Measuring musculoskeletal pain by questionnaires: The manikin versus written questions

Authors

  • Linda H.J. van den Hoven,

    1. Centre for Prevention and Health Services Research (PZO, pb 101), National Institute of Public Health and the Environment, P.O. Box 1, 3720 BA Bilthoven, The Netherlands
    2. University Medical Centre Utrecht, The Netherlands
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  • Kees J. Gorter,

    1. Julius Center for Health Sciences and Primary Care, University Medical Centre Utrecht, The Netherlands
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  • H. Susan J. Picavet

    Corresponding author
    1. Centre for Prevention and Health Services Research (PZO, pb 101), National Institute of Public Health and the Environment, P.O. Box 1, 3720 BA Bilthoven, The Netherlands
      Tel.: +31 30 2743063; fax: +31 30 2744407.susan.picavet@rivm.nl
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Tel.: +31 30 2743063; fax: +31 30 2744407.susan.picavet@rivm.nl

Abstract

A picture of a human figure (manikin) on which pain can be indicated can be used to measure musculoskeletal pain in self administered or web-based questionnaires. In this paper we present an analysis of the agreement between pain reported on a manikin and pain reported using written questions as assessed in the follow-up questionnaire of the Dutch population-based Musculoskeletal Conditions and Consequences Cohort (DMC3-study). Both a manikin and extensive questions on pain were included and the agreement between the two measures was studied for nine pain locations. For a similar pain definition – pain lasting at least a week – the manikin gave slightly higher prevalences than the written questions. Around three quarter of those who reported pain on the written questionnaire also indicated pain on the manikin on the same anatomical location. There were no differences in the percentage of agreement by sex, age group or level of education, except for a lower percentage of agreement of the manikin among the elderly for pain in the lower extremities, neck and shoulder and among the lower level of education group for neck pain. Almost 6% of the participants reported pain according to the questions only and more than 10% (especially men) reported pain on the manikin only. We concluded that a manikin gives similar findings on prevalence of pain as written questions and could therefore be a good alternative for written questions only.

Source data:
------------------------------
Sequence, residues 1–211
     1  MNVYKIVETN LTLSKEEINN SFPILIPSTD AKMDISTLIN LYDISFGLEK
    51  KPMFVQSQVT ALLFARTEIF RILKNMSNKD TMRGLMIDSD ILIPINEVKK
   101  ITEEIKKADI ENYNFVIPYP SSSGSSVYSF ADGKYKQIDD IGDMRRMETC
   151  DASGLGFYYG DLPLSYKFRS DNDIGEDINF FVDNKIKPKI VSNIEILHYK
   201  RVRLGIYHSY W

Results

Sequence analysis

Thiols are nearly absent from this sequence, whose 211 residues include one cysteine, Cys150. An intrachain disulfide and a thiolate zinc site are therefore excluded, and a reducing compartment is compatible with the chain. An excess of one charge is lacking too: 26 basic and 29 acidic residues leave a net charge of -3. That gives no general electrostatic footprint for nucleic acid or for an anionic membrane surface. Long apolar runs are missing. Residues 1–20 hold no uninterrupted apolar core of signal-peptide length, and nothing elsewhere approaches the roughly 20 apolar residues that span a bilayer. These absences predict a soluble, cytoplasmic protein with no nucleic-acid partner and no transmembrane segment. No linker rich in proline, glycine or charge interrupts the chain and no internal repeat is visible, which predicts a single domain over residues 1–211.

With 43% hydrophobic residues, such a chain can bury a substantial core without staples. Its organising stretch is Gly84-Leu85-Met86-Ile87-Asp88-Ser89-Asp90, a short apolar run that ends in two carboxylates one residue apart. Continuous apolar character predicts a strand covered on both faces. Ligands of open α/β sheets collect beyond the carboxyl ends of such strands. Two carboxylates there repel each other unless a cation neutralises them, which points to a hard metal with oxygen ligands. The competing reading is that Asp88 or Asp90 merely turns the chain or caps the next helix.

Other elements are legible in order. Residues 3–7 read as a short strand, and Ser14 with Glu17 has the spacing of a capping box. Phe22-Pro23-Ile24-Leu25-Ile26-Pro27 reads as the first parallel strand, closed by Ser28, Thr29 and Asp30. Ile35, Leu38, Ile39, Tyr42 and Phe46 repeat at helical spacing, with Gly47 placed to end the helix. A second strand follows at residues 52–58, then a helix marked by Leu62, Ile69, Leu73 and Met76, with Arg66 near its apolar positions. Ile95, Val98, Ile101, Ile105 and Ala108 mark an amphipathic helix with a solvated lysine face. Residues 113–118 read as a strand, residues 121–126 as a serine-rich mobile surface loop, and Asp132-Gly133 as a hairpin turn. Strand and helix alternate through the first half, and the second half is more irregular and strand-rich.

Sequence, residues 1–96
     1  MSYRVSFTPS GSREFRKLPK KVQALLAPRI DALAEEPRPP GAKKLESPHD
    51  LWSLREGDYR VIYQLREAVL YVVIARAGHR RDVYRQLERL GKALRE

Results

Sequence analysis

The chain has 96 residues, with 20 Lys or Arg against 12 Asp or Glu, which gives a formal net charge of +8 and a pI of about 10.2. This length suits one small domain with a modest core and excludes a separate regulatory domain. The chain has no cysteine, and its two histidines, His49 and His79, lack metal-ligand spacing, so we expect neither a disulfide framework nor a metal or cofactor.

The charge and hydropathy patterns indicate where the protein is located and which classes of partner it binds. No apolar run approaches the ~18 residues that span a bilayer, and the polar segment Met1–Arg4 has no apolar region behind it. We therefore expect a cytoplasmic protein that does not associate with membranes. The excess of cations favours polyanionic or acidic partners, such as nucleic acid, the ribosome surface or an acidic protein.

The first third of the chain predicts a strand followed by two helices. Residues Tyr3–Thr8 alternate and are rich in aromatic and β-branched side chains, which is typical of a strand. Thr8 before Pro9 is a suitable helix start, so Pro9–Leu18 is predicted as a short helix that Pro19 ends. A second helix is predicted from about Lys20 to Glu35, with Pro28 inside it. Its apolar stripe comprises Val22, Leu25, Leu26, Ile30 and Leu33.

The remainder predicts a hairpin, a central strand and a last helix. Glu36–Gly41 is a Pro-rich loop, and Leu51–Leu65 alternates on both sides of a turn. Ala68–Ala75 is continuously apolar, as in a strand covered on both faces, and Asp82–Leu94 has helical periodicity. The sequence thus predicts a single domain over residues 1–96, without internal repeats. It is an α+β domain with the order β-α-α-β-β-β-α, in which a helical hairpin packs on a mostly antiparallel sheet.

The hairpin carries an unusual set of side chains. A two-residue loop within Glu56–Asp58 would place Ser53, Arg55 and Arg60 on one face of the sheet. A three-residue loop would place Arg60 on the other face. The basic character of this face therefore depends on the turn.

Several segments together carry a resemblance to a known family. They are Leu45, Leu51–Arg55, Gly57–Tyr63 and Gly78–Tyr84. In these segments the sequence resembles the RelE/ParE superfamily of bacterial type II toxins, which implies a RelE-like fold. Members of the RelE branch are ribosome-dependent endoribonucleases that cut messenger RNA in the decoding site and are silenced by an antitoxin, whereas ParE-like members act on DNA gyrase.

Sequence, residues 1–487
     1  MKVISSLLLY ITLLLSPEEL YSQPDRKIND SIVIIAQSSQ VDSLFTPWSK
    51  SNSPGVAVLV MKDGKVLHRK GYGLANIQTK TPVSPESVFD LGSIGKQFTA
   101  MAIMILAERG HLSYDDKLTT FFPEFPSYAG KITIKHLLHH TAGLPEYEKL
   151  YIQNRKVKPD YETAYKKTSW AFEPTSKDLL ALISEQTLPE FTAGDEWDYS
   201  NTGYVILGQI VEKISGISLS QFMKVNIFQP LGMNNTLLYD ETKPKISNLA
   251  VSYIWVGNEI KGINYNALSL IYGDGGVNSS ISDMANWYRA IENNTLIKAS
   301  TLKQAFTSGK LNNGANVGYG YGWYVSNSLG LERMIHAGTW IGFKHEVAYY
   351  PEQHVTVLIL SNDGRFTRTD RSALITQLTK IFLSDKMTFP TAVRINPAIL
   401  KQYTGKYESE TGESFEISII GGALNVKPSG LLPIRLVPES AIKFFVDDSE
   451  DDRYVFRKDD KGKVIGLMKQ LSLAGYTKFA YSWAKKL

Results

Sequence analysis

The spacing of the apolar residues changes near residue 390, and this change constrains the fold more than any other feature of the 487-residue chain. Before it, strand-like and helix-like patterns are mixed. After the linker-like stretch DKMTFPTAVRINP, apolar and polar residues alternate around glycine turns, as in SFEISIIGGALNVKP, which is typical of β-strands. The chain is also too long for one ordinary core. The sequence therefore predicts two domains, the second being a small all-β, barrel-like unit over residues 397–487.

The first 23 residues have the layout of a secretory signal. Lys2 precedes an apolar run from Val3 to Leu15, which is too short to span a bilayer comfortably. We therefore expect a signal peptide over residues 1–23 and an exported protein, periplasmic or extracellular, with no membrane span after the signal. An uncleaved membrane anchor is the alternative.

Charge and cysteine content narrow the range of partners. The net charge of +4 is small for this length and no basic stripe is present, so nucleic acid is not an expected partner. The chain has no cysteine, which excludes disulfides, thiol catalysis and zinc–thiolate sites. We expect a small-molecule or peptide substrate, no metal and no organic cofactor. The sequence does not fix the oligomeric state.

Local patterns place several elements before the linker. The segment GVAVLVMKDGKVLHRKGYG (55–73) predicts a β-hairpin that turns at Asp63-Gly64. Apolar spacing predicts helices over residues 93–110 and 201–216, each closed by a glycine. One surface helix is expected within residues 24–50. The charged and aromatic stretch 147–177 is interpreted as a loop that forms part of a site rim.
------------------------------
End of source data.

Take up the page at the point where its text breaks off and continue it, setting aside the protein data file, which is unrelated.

Ancillary